Red-flowering currant (Ribes sanguineum)
Golden currant (Ribes aureum)
California lilac/blueblossom (Ceanothus thyrsiflorus)
Western azalea (Rhododendron occidentale)
Vine maple (Acer circinatum)
Mock orange (Philadelphus lewisii)
Western trumpet honeysuckle (Lonicera ciliosa) (vine)
Dwarf red-twig dogwood (Cornus sericea)
Sherri said one of her favorite native herbaceous plants is “Oregon Sunshine.” “It’ a long-blooming, but short-lived perennial with lovely yellow, daisy-like flowers over silver-gray foliage,” she told me. “It's a great edging plant, very drought tolerant.”
She also enjoys the berry-producing shrubs in her garden, especially the red and golden currants, serviceberry and coffeeberry bushes. “I’m looking forward to seeing the birds harvesting them,” she said.
I asked Sherri what advice she would give to gardeners who want to grow more natives. “Pay attention to the soil and the hardscape first,” she suggested. Before she planted her natives, Sherri brought in compost to add more organic matter, and she installed a fence, deck, gravel pathway with metal landscape edging, water fountain, and a new irrigation system.
Sherri recommends using matched precipitation rate (MPR) sprinkler heads, which are water-saving devices that provide irrigation similar to a light rain. MPR nozzles are particularly useful for sloped sites because they help to prevent waste from water run-off, Sherri said.
Finally, she suggests gardeners learn more about the native plants they want to grow by participating in local programs sponsored by the Nature Conservancy in Oregon, Klamath-Siskiyou Wildlands Center, North Mountain Park Nature Center, Native Plant Society of Oregon and others.
“Just because a plant is native, that doesn’t mean it will grow well in your garden,” Sherri said. Some natives need full sun, others require shade; some natives are drought-tolerant, some are riparian plants that need more water. Although many native plants are fire-resistant, some natives are highly flammable, such as ceanothus and wax myrtle.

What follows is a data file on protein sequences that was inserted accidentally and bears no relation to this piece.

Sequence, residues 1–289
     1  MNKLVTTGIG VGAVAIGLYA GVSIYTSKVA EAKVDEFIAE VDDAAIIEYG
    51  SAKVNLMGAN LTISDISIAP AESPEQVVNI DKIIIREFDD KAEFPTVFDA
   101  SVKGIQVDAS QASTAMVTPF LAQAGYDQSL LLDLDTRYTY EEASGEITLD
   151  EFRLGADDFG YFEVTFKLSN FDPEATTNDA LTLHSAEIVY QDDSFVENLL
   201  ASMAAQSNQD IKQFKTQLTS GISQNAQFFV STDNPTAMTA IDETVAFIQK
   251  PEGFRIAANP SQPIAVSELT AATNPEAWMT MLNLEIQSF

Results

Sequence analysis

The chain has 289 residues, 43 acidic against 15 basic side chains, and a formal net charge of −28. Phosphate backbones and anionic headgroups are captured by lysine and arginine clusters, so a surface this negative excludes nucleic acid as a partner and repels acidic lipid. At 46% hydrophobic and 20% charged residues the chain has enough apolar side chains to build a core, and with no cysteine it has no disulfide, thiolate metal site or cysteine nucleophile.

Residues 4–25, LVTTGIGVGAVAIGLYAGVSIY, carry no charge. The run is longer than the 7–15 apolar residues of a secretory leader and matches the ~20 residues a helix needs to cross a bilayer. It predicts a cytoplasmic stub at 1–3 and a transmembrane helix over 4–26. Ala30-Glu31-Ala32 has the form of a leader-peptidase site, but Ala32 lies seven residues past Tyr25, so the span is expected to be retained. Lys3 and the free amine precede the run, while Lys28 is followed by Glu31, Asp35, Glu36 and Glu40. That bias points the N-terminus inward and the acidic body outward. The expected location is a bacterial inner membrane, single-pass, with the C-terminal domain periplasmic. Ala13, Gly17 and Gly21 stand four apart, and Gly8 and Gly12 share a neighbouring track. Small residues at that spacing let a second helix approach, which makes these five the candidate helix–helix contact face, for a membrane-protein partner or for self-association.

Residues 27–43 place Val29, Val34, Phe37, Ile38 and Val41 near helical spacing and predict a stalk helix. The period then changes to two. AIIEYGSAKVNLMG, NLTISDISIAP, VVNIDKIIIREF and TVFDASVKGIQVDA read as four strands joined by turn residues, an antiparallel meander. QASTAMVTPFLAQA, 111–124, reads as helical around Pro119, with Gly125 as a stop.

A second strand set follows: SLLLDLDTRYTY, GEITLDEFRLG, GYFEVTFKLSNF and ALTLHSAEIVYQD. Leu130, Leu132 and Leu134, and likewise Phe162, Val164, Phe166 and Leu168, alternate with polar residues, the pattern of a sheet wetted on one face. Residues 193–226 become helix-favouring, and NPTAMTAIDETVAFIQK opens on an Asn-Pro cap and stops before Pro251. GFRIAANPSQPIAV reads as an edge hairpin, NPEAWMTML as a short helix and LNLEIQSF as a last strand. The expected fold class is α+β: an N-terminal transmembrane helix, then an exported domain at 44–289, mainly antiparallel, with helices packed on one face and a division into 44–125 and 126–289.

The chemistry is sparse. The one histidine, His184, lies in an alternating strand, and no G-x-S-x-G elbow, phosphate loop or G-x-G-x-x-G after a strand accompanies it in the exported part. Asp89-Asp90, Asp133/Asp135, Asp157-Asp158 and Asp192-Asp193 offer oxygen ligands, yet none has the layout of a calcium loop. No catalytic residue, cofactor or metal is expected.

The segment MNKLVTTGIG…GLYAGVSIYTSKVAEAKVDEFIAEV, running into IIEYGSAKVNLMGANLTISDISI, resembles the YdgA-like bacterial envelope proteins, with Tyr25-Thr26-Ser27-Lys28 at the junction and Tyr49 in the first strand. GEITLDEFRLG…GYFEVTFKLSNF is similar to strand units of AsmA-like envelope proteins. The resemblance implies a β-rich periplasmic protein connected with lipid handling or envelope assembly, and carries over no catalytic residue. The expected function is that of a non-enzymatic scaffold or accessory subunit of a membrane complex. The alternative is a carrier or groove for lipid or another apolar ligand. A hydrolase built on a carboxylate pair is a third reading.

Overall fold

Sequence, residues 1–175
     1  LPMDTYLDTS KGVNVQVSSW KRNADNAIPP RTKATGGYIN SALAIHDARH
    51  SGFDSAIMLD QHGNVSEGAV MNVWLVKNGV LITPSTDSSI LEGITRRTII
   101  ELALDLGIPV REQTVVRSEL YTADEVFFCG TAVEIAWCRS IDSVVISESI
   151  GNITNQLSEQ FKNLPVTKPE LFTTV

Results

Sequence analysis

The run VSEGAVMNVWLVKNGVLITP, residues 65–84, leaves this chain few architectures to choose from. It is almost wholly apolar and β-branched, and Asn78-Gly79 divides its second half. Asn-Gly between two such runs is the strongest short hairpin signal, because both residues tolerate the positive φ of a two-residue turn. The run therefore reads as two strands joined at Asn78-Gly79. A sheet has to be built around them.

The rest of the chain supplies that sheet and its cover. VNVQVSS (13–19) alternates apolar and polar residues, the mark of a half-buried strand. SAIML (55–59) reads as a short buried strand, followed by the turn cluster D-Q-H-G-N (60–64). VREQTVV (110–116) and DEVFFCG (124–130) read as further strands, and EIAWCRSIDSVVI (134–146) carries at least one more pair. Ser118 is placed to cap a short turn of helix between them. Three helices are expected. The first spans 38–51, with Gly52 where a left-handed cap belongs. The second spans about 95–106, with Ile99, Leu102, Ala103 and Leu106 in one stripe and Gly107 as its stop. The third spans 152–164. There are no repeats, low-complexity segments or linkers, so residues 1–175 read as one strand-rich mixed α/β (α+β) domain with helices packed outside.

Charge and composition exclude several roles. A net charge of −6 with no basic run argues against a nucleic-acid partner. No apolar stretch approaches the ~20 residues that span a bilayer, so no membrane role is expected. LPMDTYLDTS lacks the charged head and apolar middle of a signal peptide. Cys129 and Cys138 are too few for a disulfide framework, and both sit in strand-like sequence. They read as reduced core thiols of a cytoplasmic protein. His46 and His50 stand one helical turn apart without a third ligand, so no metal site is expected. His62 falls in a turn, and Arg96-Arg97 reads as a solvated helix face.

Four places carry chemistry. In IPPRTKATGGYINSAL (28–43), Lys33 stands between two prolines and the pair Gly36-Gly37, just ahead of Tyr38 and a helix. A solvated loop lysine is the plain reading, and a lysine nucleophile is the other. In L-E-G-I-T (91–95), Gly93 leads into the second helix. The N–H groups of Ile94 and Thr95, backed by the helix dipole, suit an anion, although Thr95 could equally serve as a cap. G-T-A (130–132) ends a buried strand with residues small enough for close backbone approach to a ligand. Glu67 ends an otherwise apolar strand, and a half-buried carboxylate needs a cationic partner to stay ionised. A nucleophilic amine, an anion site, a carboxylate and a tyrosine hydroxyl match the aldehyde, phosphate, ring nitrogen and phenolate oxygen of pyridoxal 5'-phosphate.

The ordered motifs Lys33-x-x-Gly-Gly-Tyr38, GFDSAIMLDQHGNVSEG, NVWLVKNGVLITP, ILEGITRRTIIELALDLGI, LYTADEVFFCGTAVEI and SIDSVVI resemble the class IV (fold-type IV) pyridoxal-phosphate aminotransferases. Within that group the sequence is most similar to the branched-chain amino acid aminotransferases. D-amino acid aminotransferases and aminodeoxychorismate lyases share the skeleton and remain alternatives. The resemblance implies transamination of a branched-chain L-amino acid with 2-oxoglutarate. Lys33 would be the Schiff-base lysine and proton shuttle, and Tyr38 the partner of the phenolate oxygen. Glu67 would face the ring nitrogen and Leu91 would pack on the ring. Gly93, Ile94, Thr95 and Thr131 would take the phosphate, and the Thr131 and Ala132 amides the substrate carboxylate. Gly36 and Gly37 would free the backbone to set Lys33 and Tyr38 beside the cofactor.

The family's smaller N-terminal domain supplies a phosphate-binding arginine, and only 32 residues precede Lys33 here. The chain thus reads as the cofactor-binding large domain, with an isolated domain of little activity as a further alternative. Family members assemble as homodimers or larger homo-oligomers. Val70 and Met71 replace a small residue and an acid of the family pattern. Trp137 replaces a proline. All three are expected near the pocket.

Visiting Sherri’s native plant garden was certainly inspiring. I can imagine Vladimir Nabokov felt similarly inspired after hiking Mount Ashland and seeing all of the wildflowers and the native butterflies they attract. Actually, I don’t have to image how Nabokov was inspired because he wrote a poem about the butterflies he saw called “Lines Written in Oregon” (1953).
Esmeralda! now we rest
Here, in the bewitched and blest
Mountain forests of the West.
Here the very air is stranger.
Damzel, anchoret, and ranger
Share the woodland's dream and danger…
Rhonda Nowak is a Rogue Valley gardener, teacher and writer. Email her at Rnowak39@gmail.com. For more about gardening, check out her podcasts and videos at https://mailtribune.com/podcasts/the-literary-gardener.
Native Plants Garden Tour
Sherri Morgan’s garden is one of a dozen native plant gardens on the Jackson County Master Gardener Association’s virtual Native Plants Garden Tour, available through July at https://jacksoncountymga.org/native-plants-garden-tour/.
The video tour features small and large, new and mature native plant gardens throughout the Rogue Valley. A $10 suggested donation supports JCMGA and the local Master Gardener program. The tour webpage also provides helpful resources about finding and growing native plants in our area. I really appreciate that the featured gardens can be viewed a few at a time without breaking a sweat during our triple-digit heat wave.
Share your garden story
I would love to talk with you about your garden and share your garden story in an upcoming column. Email me at email@example.com.